Reno’s annual month-long arts festival Artown is a summer staple in the Biggest Little City. Throughout July, artists, entertainers, and musicians from Reno and all over the world take over gallery spaces, stages, and public venues for weeks of artistic revelry.

One of the longstanding Artown traditions is the selection of an artist to create the poster—an image meant to visually distinguish each year’s festival while drawing on the themes and symbols of the region. This year’s poster was created by Steve Nighthawk, who is the first Native artist ever chosen for the honor.

Nighthawk is a lifelong resident of Northern Nevada, a descendant of the Northern Paiute and Shoshone tribes, and an enrolled member of the Reno-Sparks Indian Colony. His career spans decades.

Steve Nighthawk. Photo: Eric Marks 

Appropriate to his name, he began his career drawing birds.

“I’m thinking back to elementary school,” he said. “For some reason or other, I was sketching birds. And it just kind of took off from there.”

Growing up on the Reno-Sparks Indian Colony reservation, Nighthawk said he never wanted for materials as a young artist, and the people around him who recognized his talent were quick to encourage him to pursue it.

Nighthawk is entirely self-taught, and works mostly in charcoal pencil and chalk pastel, occasionally experimenting with acrylic paint.

“I just picked it up talking with other artists and trying different techniques,” he said. “And there’s one thing I did find out—you never quit learning.”

Nature and the environment are Nighthawk’s main sources of inspiration—things that he associates closely with his Native culture. His images often incorporate the animals and landscapes he sees while spending time in the mountains, as well as Lake Tahoe and Pyramid Lake, two places of significant cultural and spiritual importance to Northern Nevada tribes.

“You learn something new every time you go out to go swimming or walking on the beach,” Nighthawk said. “There’s always stories that are going around, and it seems like there’s always the whole picture to draw.”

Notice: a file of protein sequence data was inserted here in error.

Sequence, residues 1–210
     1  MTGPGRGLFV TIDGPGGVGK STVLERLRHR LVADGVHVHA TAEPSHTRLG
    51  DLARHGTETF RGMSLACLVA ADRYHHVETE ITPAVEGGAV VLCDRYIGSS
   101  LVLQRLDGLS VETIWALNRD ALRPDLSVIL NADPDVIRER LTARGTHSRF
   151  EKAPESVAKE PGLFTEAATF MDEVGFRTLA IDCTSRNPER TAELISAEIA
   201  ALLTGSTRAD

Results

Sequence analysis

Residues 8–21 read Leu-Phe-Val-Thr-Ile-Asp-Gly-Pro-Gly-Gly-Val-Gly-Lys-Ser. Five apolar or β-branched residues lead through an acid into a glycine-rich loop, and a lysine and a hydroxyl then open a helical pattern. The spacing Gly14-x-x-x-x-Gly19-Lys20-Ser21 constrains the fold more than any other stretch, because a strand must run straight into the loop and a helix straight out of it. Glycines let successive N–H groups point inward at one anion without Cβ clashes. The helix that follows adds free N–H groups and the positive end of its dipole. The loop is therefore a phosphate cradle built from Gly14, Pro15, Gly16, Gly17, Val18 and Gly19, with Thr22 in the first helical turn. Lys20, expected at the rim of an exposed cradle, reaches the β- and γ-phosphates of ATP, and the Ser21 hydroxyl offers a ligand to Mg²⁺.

Nighthawk has been involved with Atown for years, he said, as both an attendee and a featured artist. This past December, the Artown board asked him to create this year’s poster. He spent about a month working on it.

The image features a traditional Northern Paiute woven basket with a silhouette of the Reno skyline in its center. Beneath the basket, an inter-tribal dancer is surrounded by a music staff, a Native hand drum, ballet shoes, and Western “comedy and tragedy” masks. The entire scene takes place below a picture of the Sierra Nevada skyline and a cloudy blue sky, with two red-tailed hawks circling above.

Photo: Eric Marks

Incorporating Native imagery was important to Nighthawk, not just as a matter of historical authenticity, but also as a reflection of traditional Native art styles that still exist today. 

“I paint and draw baskets, and that kind of artwork, if you will, have been here in the Great Basin for thousands of years,” he said. 

Seeing Paiute and Shoshone iconography on the Artown poster is, in Nighthawk’s words, “a milestone.” However, the other elements of the poster are meant to symbolize a meeting of cultures—a celebration of art, song, and dance all meeting beneath the Great Basin sky. 

“Artown is a really great event,” Nighthawk said. “Pulling all these people in from different parts of the country and the world, and showcasing different cultures and traditions—the list goes on and on, and I’m real proud to be part of it—even more so this year.”

Nighthawk, who is a member of the Great Basin Native Artists collective, said his goals for the future are simple: Keep making art. And he’d like more people to get the chance to make their own art—especially young people.

“I would like to see more interest given to the kids,” he said. “I don’t see much going on with the kids, as far as art instruction.”

More than anything though, Nighthawk hopes people are inspired to simply get involved with art in the area—whether through Artown or simply taking a personal interest in local artists and events.

“During during my art shows, I have more than a handful of people ask about tradition or culture, like, ‘What is this? Who is this, and where did they come from?’” he said. “And luckily, I’m able to answer most of their questions. Get out there. Support the art. Ask questions and learn.”

Artown opens today, Monday, July 1. The opening night celebration takes place in Wingfield Park in downtown Reno at 5:30 p.m., featuring Wolf Pack Taiko, Little Swan Dancers, and other local acts, followed by a concert at 7:30 p.m. by Washington DC-based folk band Scythian. Admission is free. More details here.

Steve Nighthawk will showing original work at Wingfield Park during the Artown Native American Celebration featuring Inuit music and dance act Pamyua at Wingfield Park on Wednesday, July 3 from 7:30-9 p.m.

A reception for Steve Nighthawk’s gallery work at the Sierra Arts Gallery is scheduled for Thursday, July 11 from 6-8 p.m.

Cover photo: Eric Marks

Posted by Matt Bieker

Matt Bieker is an award-winning photojournalist and native of Reno, Nevada. He received his degree in Journalism from the University of Nevada Reno in 2014, and currently covers arts & entertainment and community development in his hometown.